The tomato soup was delightful. The quail, neither greasy nor dry. Though I preferred the white wine served with the appetizer to the following red–which seemed a bit casky–I wasn’t about to mention this to my host, the ambassador.

If this sounds like something out of a Henry James novel, well, it felt pretty weird to me too. I was squirming in my elegant chair in a private dining room at the Four Seasons Hotel this past September, snared in a roundup of Jewish journalists and delivered before Alfred Defago, the Swiss ambassador to the United States, so he could tell us how sorry his government is for having played banker to the Nazis during World War II. How much it regrets that for half a century afterward Swiss banks kept the money from thousands of accounts belonging to Holocaust victims, their heirs turned away empty-handed with bureaucratic dodges: I’m sorry, but you’ll need to get an official death certificate from the Nazis confirming that they shot your parents in the head and dumped their bodies in a slit trench in some forest in Poland….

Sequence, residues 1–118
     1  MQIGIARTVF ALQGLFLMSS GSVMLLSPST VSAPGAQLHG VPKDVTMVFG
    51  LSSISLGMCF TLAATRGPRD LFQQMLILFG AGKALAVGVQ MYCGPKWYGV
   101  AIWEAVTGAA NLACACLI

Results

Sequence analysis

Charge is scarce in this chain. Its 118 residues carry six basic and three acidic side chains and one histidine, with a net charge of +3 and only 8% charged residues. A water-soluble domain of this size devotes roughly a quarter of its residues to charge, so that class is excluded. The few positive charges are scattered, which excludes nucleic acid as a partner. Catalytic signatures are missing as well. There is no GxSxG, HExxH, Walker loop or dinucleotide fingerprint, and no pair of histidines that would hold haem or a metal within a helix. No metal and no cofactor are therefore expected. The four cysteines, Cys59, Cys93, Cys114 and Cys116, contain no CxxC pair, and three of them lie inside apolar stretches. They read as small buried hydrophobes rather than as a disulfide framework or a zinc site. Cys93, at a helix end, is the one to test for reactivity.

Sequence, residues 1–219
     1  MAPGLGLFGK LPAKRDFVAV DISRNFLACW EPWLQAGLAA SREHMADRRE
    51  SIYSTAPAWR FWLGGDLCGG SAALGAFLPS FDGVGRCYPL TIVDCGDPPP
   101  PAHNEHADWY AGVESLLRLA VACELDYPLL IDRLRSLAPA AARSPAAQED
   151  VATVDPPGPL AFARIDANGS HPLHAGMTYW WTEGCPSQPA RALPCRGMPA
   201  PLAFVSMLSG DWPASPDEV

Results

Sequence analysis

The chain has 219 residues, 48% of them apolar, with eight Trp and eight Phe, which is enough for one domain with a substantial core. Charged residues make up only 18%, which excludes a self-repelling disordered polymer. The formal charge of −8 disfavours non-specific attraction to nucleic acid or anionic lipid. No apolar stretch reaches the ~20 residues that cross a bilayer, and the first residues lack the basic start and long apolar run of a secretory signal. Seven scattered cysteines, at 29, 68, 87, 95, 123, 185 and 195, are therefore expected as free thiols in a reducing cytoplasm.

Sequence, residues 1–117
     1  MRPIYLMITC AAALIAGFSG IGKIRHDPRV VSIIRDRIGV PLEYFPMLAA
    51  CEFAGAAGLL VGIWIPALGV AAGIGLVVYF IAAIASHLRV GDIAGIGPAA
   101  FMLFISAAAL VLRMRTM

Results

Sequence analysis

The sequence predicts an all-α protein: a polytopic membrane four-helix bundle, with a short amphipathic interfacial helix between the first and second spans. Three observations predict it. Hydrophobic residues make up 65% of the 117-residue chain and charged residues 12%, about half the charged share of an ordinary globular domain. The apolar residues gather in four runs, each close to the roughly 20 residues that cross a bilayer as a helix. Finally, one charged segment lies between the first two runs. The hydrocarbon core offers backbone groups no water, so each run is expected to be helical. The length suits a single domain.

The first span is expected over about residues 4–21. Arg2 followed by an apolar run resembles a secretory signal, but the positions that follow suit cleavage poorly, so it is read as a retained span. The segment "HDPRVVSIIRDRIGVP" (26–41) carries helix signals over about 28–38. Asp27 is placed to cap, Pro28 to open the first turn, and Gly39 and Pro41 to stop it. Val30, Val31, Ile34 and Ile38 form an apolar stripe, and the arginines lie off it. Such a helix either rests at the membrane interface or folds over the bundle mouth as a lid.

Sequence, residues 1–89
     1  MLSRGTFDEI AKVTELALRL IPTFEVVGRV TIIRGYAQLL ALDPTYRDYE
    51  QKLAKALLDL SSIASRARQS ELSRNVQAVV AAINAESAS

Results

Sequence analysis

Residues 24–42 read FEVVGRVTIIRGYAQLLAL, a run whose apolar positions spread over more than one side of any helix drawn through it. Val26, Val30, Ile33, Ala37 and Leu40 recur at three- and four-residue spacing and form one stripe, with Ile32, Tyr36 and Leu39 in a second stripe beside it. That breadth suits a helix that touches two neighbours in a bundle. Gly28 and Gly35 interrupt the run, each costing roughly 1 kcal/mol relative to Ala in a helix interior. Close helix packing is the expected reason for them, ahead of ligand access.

Not that Defago used these words. Everything the ambassador said was correctness itself. Polished. Poised. His words would look good engraved on a coin. And his timing was perfect–a little late in the grand scheme of things, but right in keeping with 1997. This was the year for making nice with history. The Brits apologized for the Irish potato famine. The squeaky-clean Norwegians apologized to the Laplanders for past indiscretions. Even the French, who never apologize for anything, were lining up to say how sorry they were about their various lapses, misdeeds, and crimes during World War II.

Jews were the favorite object of public contrition but not the only one. President Clinton gathered the few surviving victims of the infamous Tuskegee experiment and invited them over to the White House so he could look them in the eye and repent from the bottom of his heart. Clinton’s good at that–from the sincere look of dolor slapped all over his mug, you’d think he was there at the clinic, pretending to treat syphilis and lying to patients. He even trembled on the brink of issuing a mea culpa for slavery but then pulled back, perhaps because there are no ex-slaves still around to summon for a photo op.

But nobody was as energetic as the Swiss. They sent Ambassador Defago on a whirlwind display of repentance. Apologia U.S. Tour ’97, the T-shirts might have read.

What he said made perfect sense. During the war survival was at stake. The Swiss had themselves to think about. Nothing was guaranteed. And those darn banking rules.